India: Telecomindustrie wringt haar handen met kankerclusters rond zendmasten.
zaterdag, 01 augustus 2009 - Categorie: Berichten Internationaal
Bron: India Daily News and Analysis 31 juli 2009
Telcos wring hands as cancer bogey brings down signal towers
Auteur: K V Ramana
Hyderabad: Jagannatham, an owner of a double-storied house in Borabanda locality in Hyderabad, was excited that a mobile service provider chose his property to erect a cell tower on the roof top for Rs 15,000 per month.
But his excitement was short-lived. His neighbours started blaming the cell tower's radiation for one of the residents in the locality testing positive for cancer and other skin diseases in the area.
With Jagannatham not yielding to their request to remove the cell tower, the residents staged a protest in front of his house and then approached the civic body for action.
With the issue getting out of their hands, the authorities asked the mobile company to remove the tower and the residents celebrated as it was being dismantled.
Call it a myth or a yet-to-be-proved fact, residents of several localities in Hyderabad and other towns like Vijayawada see the cell towers as a main reason for primarily causing cancer and dermatology related ailments.
With discontent about cell towers growing, the mobile operators are a worried lot.
''There are definite concerns about the radiation from the cell towers. In fact, we have failed in explaining to the general public about the radiation that comes out of these towers. But whatever is being feared about the cell towers is completely unfounded,'' T V Ramachandran, director general of Cellular Operators Association of India (COAI), said.
''We have also done some studies on the issue. Concerns about safety apart, there are others angles to the story, including a commercial one. Some companies are selling anti-radiation shields for mobile users. Some of them are spreading rumours about hazards. There is a jealousy angle too. While one property owner is earning that extra money in the form of rentals from the mobile company, his neighbour is spreading the rumour. Anyway, there was a need for us (the COAI) to step in. We realised that we are late,'' he said.
The operators are grouping up to start a major campaign for explaining the safety features of mobile telephony.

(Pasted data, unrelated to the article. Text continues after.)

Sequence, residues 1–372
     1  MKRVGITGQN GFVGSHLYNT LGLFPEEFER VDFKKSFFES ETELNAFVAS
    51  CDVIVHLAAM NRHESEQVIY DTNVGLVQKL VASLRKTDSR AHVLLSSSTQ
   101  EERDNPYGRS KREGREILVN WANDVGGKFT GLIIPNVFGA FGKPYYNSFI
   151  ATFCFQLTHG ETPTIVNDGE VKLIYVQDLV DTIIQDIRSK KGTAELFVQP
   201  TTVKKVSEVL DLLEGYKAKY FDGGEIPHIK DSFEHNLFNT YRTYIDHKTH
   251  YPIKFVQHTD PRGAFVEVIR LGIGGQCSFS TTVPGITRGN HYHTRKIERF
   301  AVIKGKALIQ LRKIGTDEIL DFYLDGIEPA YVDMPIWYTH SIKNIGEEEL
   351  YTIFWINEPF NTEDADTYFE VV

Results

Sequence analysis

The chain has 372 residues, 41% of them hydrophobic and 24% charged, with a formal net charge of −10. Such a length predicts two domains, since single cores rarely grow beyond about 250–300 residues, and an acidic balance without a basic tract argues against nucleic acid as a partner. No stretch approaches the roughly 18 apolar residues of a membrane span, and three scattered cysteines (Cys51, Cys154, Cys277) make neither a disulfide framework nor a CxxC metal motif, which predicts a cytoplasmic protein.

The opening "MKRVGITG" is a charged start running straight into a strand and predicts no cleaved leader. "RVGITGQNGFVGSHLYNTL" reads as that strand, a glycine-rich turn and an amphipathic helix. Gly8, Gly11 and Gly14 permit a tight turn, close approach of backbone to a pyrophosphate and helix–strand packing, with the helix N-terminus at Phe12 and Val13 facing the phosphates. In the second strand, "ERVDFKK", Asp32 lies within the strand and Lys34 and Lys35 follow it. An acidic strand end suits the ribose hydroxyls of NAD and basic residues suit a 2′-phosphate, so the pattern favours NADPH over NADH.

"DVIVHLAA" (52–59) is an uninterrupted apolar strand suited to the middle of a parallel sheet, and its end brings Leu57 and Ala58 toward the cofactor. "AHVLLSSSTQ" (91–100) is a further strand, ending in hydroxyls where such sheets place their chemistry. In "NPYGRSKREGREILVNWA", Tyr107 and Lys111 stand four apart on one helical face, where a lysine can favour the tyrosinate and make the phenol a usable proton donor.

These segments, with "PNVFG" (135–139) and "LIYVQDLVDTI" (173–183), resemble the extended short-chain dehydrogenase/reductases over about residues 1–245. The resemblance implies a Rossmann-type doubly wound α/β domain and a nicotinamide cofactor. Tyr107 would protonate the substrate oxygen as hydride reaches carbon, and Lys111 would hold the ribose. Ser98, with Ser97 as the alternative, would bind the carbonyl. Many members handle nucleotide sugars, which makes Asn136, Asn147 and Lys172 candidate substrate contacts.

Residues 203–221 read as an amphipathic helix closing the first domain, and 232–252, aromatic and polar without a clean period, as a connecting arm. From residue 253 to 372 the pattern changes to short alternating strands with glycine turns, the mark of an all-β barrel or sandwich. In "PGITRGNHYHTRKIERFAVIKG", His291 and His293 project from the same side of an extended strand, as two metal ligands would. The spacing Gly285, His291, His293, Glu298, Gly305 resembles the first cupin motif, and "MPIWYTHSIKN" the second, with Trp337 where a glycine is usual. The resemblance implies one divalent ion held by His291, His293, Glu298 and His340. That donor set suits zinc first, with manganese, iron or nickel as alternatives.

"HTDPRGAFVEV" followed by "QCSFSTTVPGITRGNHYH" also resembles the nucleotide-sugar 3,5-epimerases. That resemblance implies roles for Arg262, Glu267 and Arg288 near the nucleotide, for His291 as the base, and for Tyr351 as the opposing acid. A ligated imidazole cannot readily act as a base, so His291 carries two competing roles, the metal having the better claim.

''If we can't set up towers at more locations, we can't expand our customer base. If we get more customers without having sufficient towers, there are bound to be complaints about call dropping due to network congestion. It is a tricky situation for us now and we hope our efforts to educate the general public will fetch some results,'' a chief operating officer of a mobile service provider said without willing to be quoted.
A cell tower typically covers a radius of about 500 meters to 1 km. The towers tend to emit electro magnetic field (EMF) radiation and the operators, too, vouch for that. But the radiation in the case of cell towers is said to be non-ionising contrary to the ionising spectrum of x-rays or gamma rays.
''The non-ionising spectrum is low in energy. It is not dangerous like x-rays or gamma rays, which need to be handled by a human being fully covered in a protective gear,'' Ramachandran said.
While an electricity line emits about 10 Hz to 1 KHz radiation, an FM radio would have a radiation of about 10 MHz. A mobile phone would have 1 GHz radiation.
''The output power of mobile is less than 1 watt and it would be in the range of 0.2 to 0.6. This is actually less than the power of a microwave or even a radio. This power does not have sufficient energy to break the genetic code of a human being,'' he said.
The Department of Telecommunications (DoT) is worried about the growing concerns about the safety in using a mobile phone or having a cell tower on the roof top. ''There are concerns. But, the concerns are not new. The International Telecommunication Union (ITU) started working on EMF in 1996. There are guidelines of the International Commission for Non-ionising Radiation Protection (ICNIRP) limiting the exposure to the time varying electric, magnetic and electromagnetic field up to 300 GHz. In fact, the non-ionising radiation heats up the flesh but does not cause any damage. That is the reason, you can feel the heat while using a mobile phone. But that radiation is harmless,'' U K Srivastava, a senior functionary of the Telecom Engineering Centre, the technical arm of the DoT, said.
Meanwhile, the protests are not stopping with Jagannatham's locality. At least a dozen cell towers had to be dismantled by the mobile service providers in various Hyderabad localities.
For now, the operators are happy that the concerns are still regional. But protest of residents is blocking the operators from increasing the quality of the talk-time they offer.
Towers tend to emit electro magnetic field radiation and the operators, too, vouch for that.
But the radiation in the case of cell towers is said to be non-ionising contrary to the ionising spectrum of x-rays or gamma rays.
The protest from the residents is blocking the operators from increasing the quality of the talk-time.
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